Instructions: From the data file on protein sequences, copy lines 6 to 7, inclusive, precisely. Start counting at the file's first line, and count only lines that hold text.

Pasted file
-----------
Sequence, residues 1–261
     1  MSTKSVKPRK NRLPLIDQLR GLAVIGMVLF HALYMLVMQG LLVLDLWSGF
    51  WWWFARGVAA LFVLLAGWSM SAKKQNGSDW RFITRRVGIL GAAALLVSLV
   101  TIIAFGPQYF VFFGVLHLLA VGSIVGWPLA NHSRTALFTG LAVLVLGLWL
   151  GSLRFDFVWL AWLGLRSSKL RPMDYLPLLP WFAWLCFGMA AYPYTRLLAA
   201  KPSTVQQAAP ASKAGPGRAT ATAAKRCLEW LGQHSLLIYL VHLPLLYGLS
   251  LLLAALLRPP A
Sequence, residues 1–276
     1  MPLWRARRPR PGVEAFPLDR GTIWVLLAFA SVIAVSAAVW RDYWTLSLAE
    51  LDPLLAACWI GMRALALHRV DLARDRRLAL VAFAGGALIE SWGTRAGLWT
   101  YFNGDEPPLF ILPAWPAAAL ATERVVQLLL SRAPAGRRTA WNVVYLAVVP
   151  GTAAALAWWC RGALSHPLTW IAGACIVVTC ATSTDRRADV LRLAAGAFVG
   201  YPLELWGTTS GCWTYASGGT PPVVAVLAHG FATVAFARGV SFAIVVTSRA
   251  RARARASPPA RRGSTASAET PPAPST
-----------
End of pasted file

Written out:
   201  KPSTVQQAAP ASKAGPGRAT ATAAKRCLEW LGQHSLLIYL VHLPLLYGLS
   251  LLLAALLRPP A